- Lighting – In a studio setting, you’ll want to set up a system with as much continuous lighting as you can. This can be done using one or two large light sources with an attached diffuser. This can be as simple as attaching a fluorescent light to a tripod and putting a white umbrella in front. The umbrella scatters the light all around, resulting in ambient light and soft shadows without any glare. These can be bought in kits or assembled DIY style with any number of tutorial online.
- Backdrop – Objects are naturally reflective, so it’s best to use a white backdrop to avoid artificially coloring your product. This also makes post-processing a lot easier to work with. Photographers use “the infinity curve,” which is paper or cloth attached to a board or framework with clamps and draped in a curve. This removes edges, seams, and unnecessary shadows.
- Props – A lot of photographers, in addition to taking standard stock shots, will take a handful of photos of the product with props. This helps to show a sense of scale and add context. For example, you might put a quarter or ruler next to a piece of jewelry, showing the size relative to a familiar object.
Even be best raw photos can be enhanced with a bit of work in a graphics editing program. From adjusting the lighting to scaling for web, a bit of touch-up can really make a big difference. Adobe’s Photoshop is the go-to for most professionals, but there are other options out there, some even free like the Gimp (http://www.gimp.org/), or Pixlr’s online editor (https://pixlr.com/). It only takes a few minutes on google to find a myriad of tutorials on photo enhancements that can walk you through most everything you need to know.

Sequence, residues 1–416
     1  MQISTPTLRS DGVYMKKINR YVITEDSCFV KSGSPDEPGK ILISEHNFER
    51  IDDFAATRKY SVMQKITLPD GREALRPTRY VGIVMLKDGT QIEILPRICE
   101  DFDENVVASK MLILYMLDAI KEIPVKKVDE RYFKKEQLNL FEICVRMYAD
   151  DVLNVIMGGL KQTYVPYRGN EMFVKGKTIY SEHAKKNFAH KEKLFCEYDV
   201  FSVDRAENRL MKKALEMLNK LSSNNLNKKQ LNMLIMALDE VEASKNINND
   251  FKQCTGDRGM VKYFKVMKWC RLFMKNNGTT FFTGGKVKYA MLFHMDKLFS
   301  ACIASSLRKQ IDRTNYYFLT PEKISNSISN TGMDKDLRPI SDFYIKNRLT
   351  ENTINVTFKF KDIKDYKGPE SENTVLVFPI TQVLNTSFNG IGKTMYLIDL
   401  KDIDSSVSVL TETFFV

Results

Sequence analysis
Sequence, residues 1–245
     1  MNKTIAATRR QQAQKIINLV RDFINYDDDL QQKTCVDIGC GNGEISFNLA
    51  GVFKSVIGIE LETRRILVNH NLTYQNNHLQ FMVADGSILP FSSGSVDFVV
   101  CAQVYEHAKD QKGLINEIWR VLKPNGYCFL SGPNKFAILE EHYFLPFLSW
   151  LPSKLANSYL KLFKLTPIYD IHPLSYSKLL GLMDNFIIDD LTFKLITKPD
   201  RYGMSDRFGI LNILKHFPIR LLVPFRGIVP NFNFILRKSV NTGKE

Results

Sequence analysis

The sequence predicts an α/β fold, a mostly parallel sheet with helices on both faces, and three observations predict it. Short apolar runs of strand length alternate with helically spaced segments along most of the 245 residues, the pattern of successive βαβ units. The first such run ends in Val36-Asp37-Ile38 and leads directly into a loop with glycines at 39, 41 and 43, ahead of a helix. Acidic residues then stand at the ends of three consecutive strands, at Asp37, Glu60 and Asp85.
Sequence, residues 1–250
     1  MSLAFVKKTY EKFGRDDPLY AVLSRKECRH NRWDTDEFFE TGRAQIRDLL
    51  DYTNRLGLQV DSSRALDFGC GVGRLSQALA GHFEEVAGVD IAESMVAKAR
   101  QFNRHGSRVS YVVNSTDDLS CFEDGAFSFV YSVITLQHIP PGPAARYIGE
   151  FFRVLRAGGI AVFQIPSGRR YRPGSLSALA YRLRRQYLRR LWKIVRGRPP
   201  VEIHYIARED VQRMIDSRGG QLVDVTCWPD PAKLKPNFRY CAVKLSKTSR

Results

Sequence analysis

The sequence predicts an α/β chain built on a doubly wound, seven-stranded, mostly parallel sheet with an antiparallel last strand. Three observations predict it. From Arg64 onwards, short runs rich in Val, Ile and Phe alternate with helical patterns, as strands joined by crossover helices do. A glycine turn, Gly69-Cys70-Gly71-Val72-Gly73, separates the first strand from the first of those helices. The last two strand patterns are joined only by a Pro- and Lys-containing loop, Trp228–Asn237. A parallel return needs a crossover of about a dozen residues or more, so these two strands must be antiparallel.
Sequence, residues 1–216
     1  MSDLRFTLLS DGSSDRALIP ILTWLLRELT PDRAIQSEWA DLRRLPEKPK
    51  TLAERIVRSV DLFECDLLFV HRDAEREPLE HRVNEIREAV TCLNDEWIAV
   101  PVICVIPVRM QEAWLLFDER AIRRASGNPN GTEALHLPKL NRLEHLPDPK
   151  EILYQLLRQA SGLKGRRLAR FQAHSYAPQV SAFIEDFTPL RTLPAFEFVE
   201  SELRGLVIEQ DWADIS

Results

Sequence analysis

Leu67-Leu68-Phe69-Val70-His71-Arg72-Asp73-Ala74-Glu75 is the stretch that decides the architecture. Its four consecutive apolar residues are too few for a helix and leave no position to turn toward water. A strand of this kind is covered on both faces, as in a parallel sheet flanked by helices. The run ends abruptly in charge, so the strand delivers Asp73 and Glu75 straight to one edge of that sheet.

The important thing to remember is to never edit the photo on your camera before taking it to the editing program; you want the rawest, and largest, form of the footage possible to work with. A raw photo may not look that impressive, but the data is all there, just waiting to be enhanced.
- Levels – Pushing the levels of light in a photo will make the brights brighter and the darks darker. That may seem obvious, but it makes a huge difference for the quality of the photo in terms of depth and perspective. Common tools that fit under this category are: levels, brightness/contrast, curves, shadows/highlights. For even more control, use layer modes to experiment with multiply, overlay, soft light, and so on.
- Color Balance – Raw photos often have muted colors, but it’s easy to bring them out and enhance them with a little bit of work. Use color balance to adjust how strong an individual color is in the image, hue to change the overall color scheme, and saturation to make a photo more or less vibrant. Layer modes such as color burn, overlay, and hue can be used for added effect.
- Scale for Web – When you move your raw photos on to your computer, they should be very large files. This is great for editing ,but not so much for putting online. So, once you’ve made your enhancements, you’ll want to crop the photo (cutting out excess white space, etc), and then shrink the image down to a size appropriate for the web. The larger the file, the longer the load time.
Of course, if you don’t want to mess with it, we at Infogenix are more than happy to take care of your photos for you at any step in the process. Just let us know what you need, and we’ll take care of it.